Elevating – Drawings from Today

Drawing is probably my favorite thing to do in archaeology, but I try not to tell anyone that, because you end up drawing all of the time for the people who don’t like doing it.

I find it a peaceful exercise, one of the times when I can be truly alone on an archaeological site. I usually wear headphones and listen to music, as it allows me to focus–I can draw about twice as fast.

Some archaeologists have switched to photogrammetry and automatic drawing programs, but I find that there is little point in it. Drawing something is the only way that you truly see something. It can be inaccurate, sure–the point of view of the archaeologist can change the shape of rocks radically.

Even when making scaled drawings, each archaeologist has a separate style. Some depict the rock faces, or try to show texture. I try to see them as silhouettes, shapes that relate to each other. That, and I have a heavy hand–my lines are dark, even using a 6H pencil.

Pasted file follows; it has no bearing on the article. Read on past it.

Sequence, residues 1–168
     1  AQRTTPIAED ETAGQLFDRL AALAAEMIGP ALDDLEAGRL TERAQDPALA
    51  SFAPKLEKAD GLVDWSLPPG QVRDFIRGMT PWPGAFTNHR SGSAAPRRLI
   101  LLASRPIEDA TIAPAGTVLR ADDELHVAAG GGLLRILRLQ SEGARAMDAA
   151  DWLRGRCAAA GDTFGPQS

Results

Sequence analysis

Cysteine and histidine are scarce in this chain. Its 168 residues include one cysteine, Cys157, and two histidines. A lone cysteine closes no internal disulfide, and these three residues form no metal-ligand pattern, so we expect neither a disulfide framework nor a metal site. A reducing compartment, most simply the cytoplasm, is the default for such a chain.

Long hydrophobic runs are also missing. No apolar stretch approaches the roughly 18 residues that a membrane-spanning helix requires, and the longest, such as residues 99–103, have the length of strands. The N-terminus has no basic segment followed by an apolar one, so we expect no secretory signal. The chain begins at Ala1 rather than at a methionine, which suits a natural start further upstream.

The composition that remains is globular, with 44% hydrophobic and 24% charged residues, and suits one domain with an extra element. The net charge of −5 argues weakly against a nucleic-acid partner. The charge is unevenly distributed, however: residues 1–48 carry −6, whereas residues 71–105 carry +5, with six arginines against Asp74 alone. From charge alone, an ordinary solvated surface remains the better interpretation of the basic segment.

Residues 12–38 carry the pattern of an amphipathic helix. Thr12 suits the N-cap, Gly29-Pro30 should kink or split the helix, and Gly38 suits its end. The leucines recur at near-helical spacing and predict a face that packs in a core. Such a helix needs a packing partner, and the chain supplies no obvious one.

I usually draw relatively “freehand.” I have a couple of tape measures that I reference once in a while, but once you draw enough rock walls, you can see how they fit together, how the coursing works, which direction the wall was built in. The worst is planning tumble, or burnt rock middens.

Today I drew a 5m long, 1:10 elevation depicting the relationship of four walls. They are each distinctive, built with different kinds of stone, and two of the walls were joined by a long, diagonal seam. It took me about 3 hours, start to finish, with interruptions. It isn’t my best, or most favorite drawing, but I found it satisfactory. It was a good day.

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Author: colleenmorgan

Dr. Colleen Morgan (ORCID 0000-0001-6907-5535) is the Lecturer in Digital Archaeology and Heritage in the Department of Archaeology at the University of York. She conducts research on digital media and archaeology, with a special focus on embodiment, avatars, genetics and bioarchaeology. She is interested in building archaeological narratives with emerging technology, including photography, video, mobile and locative devices. Through archaeological making she explores past lifeways and our current understanding of heritage, especially regarding issues of authority, authenticity, and identity.

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